(If you’d like to see it, here is the KML used to generate the above image.)

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Clinton River Floodplain

With injuring my knee and rain through most of the week, I haven’t been able to go for a bike ride in a while. So, after washing my bike off and checking the wheels over for damage I headed towards Shelby Township’s River Bends Park. After stopping at the post office to ship a package I headed into the park and ended up doing two laps of the two track-type trail there. Normally I would have also continued along the paved path to Ryan Road, but the recent rains had the paved path under more than a foot of water, and I wasn’t in the mood to get wet. Both the bike and I got a bit muddy, but nothing terrible.

While on the unpaved tracks I ended up riding down anything that looked remotely like single track that went somewhere and ended up getting a much better feel for the land around there. The more I think about it, the more I think that River Bends could host a couple miles of nice single track.

The photo above was taken after I rode through some of the existing single track-like stuff, all the way to the far southeast corner of the park, where it goes down a ridge to the river’s floodplain. What is normally some trail for another 200′ was completely under actively flowing water. Looking towards the river showed what is above, with newly downed trees and a logjam. I love looking at this sort of transient river.

Also, during the whole time I was riding my knee had no problems. It’s still a bit sore at times, but all the aching seems to be coming from the outside of my kneecap in the area where the wound is still healing. This is good, I think.

Interestingly, I’d somehow fitted both tires backwards last time. I also found that while falling I managed to get a whole bunch of dirt between the bead of the tire and the rim’s bead seat, leading to a bit of a wobble in the tire. The wheels themselves are fine.

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AMB Mini³

Today the PCB and other parts that I ordered from from the AMB audio shop arrived, so this evening I assembled an AMB Mini³. This is a rechargable battery powered, credit card sized headphone amp does a great job of driving my Sennheiser HD570 headphones.

While I didn’t take any photos of the assembly or inside of the enclosure (I just wasn’t in the mood tonight, for some reason), the assembly went very smoothly. Part of the assembly suggested that one put thermal grease on the underside of the AD8397ARDZ op-amp to help transfer heat from the chip to the PCB. Wanting to wash the PCB I didn’t want to do this, and I instead found that scraping a bit of solder mask from the heatsink trace allowed me to reflow the underside of the chip without much difficulty. After that SMT pads themselves went nicely, and everything else was through-hole. I had a few problems with battery clearance in the case, but adjusting the battery contacts slightly made everything fit comfortably snugly.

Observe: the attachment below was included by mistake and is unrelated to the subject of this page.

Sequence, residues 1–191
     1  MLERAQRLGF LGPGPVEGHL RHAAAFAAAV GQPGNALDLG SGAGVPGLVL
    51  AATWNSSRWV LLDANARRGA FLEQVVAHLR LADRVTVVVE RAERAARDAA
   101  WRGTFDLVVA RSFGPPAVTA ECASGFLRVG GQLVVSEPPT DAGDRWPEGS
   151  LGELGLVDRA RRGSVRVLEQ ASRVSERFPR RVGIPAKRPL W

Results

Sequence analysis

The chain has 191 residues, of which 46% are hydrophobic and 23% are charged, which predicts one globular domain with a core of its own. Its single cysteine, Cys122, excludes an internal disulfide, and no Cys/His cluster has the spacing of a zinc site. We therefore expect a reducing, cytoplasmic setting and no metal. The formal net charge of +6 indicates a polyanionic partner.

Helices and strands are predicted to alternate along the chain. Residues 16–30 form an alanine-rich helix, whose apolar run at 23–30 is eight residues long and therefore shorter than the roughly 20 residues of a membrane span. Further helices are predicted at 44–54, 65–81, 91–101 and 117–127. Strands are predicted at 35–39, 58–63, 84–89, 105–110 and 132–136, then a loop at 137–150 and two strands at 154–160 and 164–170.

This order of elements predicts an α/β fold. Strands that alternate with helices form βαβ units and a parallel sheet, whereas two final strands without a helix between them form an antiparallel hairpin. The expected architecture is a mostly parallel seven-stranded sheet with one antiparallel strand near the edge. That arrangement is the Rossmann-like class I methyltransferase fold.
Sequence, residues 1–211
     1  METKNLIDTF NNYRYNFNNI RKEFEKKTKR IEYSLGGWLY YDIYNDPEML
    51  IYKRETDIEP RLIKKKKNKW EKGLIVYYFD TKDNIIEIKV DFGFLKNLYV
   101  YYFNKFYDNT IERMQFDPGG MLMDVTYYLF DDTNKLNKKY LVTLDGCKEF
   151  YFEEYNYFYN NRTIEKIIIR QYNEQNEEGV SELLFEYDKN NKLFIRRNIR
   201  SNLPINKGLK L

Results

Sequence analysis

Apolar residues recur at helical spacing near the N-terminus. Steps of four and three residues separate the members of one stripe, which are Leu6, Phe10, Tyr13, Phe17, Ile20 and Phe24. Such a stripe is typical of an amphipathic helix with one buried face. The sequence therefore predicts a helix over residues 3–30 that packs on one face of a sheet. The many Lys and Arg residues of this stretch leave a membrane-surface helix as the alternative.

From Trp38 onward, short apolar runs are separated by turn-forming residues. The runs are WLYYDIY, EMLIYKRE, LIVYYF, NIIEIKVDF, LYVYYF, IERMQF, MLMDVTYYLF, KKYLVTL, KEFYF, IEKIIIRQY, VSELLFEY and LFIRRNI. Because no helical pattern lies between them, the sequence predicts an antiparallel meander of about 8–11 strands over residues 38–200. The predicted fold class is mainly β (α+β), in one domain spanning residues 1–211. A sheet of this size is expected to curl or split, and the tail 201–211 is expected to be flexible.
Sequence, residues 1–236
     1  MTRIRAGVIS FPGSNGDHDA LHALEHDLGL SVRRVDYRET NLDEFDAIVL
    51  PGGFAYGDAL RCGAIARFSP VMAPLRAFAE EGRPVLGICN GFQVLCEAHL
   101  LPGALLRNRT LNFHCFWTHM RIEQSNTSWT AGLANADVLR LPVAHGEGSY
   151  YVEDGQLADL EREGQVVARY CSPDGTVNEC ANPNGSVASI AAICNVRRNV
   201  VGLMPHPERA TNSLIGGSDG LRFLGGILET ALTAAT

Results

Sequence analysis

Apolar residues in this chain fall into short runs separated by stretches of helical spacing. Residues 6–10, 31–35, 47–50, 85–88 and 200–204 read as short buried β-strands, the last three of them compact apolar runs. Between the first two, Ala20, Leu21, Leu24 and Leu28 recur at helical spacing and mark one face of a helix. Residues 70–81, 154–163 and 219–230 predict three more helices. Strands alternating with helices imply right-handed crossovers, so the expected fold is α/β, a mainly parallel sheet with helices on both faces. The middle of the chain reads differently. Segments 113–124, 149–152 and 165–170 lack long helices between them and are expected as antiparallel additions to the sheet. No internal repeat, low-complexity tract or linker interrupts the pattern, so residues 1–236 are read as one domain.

Everything was built as-specified for the high-performance version, except that I used a different knob and LEDs. The knob is a Kilo International OEJL-75-4-7 (Digi-Key p/n 226-4094-ND), which was the only 6mm shaft knob that I had laying around the house. The power LED (LED2) is green in place of the standard blue, and the rear (LED1) is a red, and matches the power LED brightness-wise. The LEDs are Mouser part numbers 630-HLMP-1790 and 630-HLMP-1790 and 630-HLMP-1700, respectively. To properly fit the LEDs, R6 and R7 were changed, using 5.1K Ω (Mouser 270-5.1K-RC) and 7.5K Ω (Mouser 270-7.5K-RC) resistors, respectively. I’m happy with the LEDs as they are visible in a normal room, but not particularly bright, even in complete darkness.

Using the iPod dock to 3.5mm (1/8″) cable that I made last week I connected my iPod to the amp and gave it a go. In short, I’m really happy with it. My headphones finally sound as they should with the iPod. Right now it’s charging on the kitchen counter, and tomorrow I’ll give it a full go at work.

Abnormal for me, I didn’t take very many photos during the assembly of the Mini³. For some reason I just wasn’t in the mood to document it as I normally do, so I only took the following three photos:

· AMB Mini³, from the front, fitted with a slightly non-standard knob and a green LED instead of the standard blue.
· AMB Mini³, from the rear.
· AMB Mini³ connected to my 5G iPod Video.

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Pixar’s Up

This evening some friends and I had a really nice dinner at Lebanese Grill in Shelby Township, then went to one of the MJR Theaters in Partridge Creek to see Pixar’s Up. The showing of it that we saw was digital, and required viewing with dual-polarizer 3D glasses, as seen above.

I really enjoyed this film, with it having a very nice combination of fun, funny, mature, and sad parts. The story was definitely a kid’s film, but well enough done and with sufficient subtle social references for adults to giggle ridiculously at times. The 3D was also well done, with nothing that seemed put there just to fly into your face or show unnatural amounts of depth. In fact, most of the time I forgot that I was watching a “3D” film, and just felt like it was a very high quality, deep-feeling digital projection. I equate this to when surround sound was no longer simply shown off but instead used for subtle effect.

If you enjoy Pixar films or just good animated stories, I definitely recommend seeing this.

(Hmm, I just realized that I should have used a polarizing filter when photographing these. Oh well.)